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Little, Brown and Company
<strong>"In her arresting debut novel, Edan Lepucki conjures a lush, intricate, deeply disturbing vision of the future, then masterfully exploits its dramatic possibilities." ---Jennifer Egan, author of </strong><i><strong>A Visit from the Goon Squad</strong><br><br></i>The world Cal and Frida have always known is gone, and they've left the crumbling city of Los Angeles far behind them. They now live in a shack in the wilderness, working side-by-side to make their days tolerable in the face of hardship and isolation. Mourning a past they can't reclaim, they seek solace in each other. But the tentative existence they've built for themselves is thrown into doubt when Frida finds out she's pregnant. <br><br>Terrified of the unknown and unsure of their ability to raise a child alone, Cal and Frida set out for the nearest settlement, a guarded and paranoid community with dark secrets. These people can offer them security, but Cal and Frida soon realize this community poses dangers of its own. In this unfamiliar world, where everything and everyone can be perceived as a threat, the couple must quickly decide whom to trust.<br><br>A gripping and provocative debut novel by a stunning new talent, <i>California</i> imagines a frighteningly realistic near future, in which clashes between mankind's dark nature and deep-seated resilience force us to question how far we will go to protect the ones we love.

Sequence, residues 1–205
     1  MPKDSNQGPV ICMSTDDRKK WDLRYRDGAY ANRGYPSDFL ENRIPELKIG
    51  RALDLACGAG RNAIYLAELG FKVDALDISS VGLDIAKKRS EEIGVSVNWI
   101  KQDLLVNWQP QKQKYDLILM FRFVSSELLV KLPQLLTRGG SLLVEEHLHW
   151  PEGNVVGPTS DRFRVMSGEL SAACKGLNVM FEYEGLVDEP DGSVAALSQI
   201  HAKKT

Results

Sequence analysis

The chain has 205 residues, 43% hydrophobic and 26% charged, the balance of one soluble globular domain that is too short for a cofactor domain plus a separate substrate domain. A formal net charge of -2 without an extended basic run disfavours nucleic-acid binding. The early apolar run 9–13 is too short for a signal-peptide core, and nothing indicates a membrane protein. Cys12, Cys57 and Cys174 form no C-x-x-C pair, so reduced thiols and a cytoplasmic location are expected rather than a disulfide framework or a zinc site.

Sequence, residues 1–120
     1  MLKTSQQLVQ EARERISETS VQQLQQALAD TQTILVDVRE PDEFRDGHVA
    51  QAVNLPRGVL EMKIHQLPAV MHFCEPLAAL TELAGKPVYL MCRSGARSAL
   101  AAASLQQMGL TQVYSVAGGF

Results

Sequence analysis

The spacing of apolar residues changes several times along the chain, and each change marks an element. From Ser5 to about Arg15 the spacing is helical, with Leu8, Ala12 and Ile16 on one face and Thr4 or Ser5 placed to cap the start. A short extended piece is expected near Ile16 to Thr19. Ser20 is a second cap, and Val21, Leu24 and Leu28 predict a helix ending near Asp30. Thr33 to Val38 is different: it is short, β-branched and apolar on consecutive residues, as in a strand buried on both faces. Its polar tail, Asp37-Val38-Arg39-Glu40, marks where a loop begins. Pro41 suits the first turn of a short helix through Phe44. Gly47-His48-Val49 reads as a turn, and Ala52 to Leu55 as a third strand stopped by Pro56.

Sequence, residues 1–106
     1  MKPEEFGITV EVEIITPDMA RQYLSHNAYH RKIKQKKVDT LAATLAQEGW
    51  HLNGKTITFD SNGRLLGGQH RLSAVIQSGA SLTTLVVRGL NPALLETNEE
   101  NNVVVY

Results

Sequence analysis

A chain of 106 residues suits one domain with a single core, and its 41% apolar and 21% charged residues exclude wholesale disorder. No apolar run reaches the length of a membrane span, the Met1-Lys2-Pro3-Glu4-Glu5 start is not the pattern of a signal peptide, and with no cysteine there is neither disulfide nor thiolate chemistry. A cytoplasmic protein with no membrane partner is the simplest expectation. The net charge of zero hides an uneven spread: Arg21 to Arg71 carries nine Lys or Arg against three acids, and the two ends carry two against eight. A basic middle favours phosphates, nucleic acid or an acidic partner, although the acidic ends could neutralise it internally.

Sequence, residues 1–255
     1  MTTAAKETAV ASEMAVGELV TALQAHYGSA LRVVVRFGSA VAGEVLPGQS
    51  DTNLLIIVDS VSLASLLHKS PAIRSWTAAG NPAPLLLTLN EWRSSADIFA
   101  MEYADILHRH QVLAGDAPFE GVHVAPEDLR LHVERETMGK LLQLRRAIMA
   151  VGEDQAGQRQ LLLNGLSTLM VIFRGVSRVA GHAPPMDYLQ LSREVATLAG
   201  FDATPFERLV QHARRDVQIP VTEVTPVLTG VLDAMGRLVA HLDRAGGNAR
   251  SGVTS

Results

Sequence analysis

Little, Brown and Company
<p><strong>An Amazon Best Book of the Month, July 2014:</strong> What does a marriage look like after the world ends? Edan Lepucki's terrific second novel <em>California</em> finds itself concerned with the human element when society crumbles. The post-apocalypse is beside the point. It hardly matters how we got here; all that matters is what we do next. For Cal and Frida, that becomes a tougher question when Frida discovers she's pregnant. They've survived on their own in the lush, solitary wilderness, but decide with one more mouth to feed, they may fare better within the safety of a small community. As they integrate into a nearby settlement, the couple realizes that they may have traded the hazards of the outside world for the paranoia and mistrust of other people. <em>California</em> questions the role of family and responsibility, and as a portrait of marriage, is perhaps as incisive as anything set in the real world. And with the conviction with which Lepucki renders the realities of her novel, it might behoove us to think of our world as the pre-apocalypse. <em>--Kevin Nguyen</em></p>